With its stunning natural beauty, distinctive culture, world-famous cuisine and warm, friendly people, living in Thailand can be an unforgettable experience. Living, working and/or studying in the country will offer insights into Thai culture that you won't get as a tourist. Whatever your objective for wanting to experience Thailand, it is possible to live legally in the country as a United States citizen and make the most of your time in this fascinating Southeast Asian country.
Apply to work or study in Thailand. To reside legally in Thailand, you will need a work or student visa. As a native English speaker, you can apply for a job as a teacher of English as a Foreign Language. Landing an EFL job in Thailand will require a certificate in TESOL (Teaching English to Speakers of Other Languages). You can earn your TESOL certificate in the U.S. or in Thailand. Earning your certificate in Thailand will allow you the chance to get used to the city and decide whether you want to stay there. Look on the website Dave's ESL Cafe; this resource features teacher forums where you can receive advice from U.S. citizens currently living and working in Thailand. If you are not interested in teaching, you can apply to study Thai at a language school, or research other job opportunities for English speakers in Thailand. You can apply to an American company based in Thailand or for a Thai or international company looking to hire English speakers. Look on the website GoAbroad to learn about the possibilities.
Obtain the appropriate visa. United States citizens require a visa for stays in Thailand of more than 30 days. When you arrive in Thailand, you will receive a stamp on your passport with the date of entry. Remaining in the country beyond this date can result in fines, jail time or deportation. You can obtain a work or student visa before entering the country if you have a job offer or are registered at a school. Alternatively, you can enter the country on a tourist visa and search for a job while in Thailand. If you find a job in-country you can then apply for a work visa.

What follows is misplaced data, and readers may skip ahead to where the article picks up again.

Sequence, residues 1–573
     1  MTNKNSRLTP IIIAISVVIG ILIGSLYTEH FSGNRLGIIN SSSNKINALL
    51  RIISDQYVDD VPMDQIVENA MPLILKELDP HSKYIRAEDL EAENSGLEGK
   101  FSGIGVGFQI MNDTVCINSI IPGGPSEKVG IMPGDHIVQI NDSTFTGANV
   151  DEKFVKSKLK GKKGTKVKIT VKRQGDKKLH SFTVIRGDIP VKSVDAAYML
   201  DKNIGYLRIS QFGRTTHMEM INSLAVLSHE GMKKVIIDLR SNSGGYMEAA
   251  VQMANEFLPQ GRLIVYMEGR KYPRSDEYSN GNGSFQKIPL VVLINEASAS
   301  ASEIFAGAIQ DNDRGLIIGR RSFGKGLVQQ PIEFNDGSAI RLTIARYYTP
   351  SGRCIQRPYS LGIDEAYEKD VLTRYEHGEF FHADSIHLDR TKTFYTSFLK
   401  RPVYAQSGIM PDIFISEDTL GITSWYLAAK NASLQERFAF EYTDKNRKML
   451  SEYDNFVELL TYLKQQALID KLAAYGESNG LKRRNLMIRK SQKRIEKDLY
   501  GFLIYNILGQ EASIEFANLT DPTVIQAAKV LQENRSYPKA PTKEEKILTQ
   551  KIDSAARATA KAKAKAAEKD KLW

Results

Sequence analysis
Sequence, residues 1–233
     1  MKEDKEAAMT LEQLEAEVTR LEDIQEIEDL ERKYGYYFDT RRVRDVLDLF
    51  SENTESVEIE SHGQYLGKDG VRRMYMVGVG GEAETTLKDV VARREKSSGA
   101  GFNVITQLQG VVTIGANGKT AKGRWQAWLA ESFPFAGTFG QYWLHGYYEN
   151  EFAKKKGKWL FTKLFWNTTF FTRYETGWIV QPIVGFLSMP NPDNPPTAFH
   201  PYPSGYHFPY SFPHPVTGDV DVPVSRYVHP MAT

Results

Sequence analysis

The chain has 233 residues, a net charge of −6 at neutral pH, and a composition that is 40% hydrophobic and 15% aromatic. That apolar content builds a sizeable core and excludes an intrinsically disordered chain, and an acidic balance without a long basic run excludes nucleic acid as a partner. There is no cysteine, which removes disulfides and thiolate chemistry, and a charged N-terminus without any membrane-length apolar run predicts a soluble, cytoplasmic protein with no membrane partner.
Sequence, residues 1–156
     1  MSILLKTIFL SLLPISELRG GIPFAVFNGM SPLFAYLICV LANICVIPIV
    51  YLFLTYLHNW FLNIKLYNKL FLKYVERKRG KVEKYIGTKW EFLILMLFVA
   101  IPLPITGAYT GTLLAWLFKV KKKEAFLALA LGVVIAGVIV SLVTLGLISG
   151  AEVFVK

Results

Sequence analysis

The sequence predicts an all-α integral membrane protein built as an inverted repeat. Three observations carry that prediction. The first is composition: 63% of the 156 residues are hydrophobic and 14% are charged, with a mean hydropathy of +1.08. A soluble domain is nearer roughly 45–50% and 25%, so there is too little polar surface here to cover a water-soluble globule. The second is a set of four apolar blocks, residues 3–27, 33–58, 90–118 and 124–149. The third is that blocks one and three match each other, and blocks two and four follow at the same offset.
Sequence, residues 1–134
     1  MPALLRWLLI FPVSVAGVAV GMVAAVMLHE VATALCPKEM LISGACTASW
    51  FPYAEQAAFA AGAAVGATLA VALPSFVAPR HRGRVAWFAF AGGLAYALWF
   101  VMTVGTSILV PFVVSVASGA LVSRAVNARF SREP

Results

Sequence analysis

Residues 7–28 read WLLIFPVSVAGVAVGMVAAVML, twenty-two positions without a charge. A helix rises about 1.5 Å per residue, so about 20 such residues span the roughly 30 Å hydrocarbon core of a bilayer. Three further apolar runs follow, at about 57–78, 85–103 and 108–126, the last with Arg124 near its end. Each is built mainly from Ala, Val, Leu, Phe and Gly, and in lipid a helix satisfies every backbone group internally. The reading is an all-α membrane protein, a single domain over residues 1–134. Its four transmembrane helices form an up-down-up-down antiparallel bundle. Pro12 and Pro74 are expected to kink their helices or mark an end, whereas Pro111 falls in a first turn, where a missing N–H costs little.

Study the Thai language. Although in populous cities such as Bangkok, you might easily find English speakers, your time living in Thailand will be easier and more enjoyable if you attempt to speak Thai with the locals. The foreign script might appear intimidating at first, and it is possible to study spoken Thai only. However, learning to read the script will make daily life much easier. Being able to read in Thai will enable you to understand signs, product packages, packaging, menus and other such necessities. The website Omniglot features an introduction to the Thai language and a chart for learning the Thai script, as well as links to online Thai language study resources.
For security reasons, all U.S. citizens are advised to register with the local embassy while living abroad.
Decide on a budget before you go. Depending on the salary you expect to make while abroad, you might want to bring savings to facilitate travel, language classes or costly cultural activities
Pamela Ann Ludwig has lived, worked and studied on five continents. Her articles can be seen online at various websites. She holds a Master of Arts degree in history from San Francisco State University and has experience teaching different dance disciplines as well as English to speakers of other languages.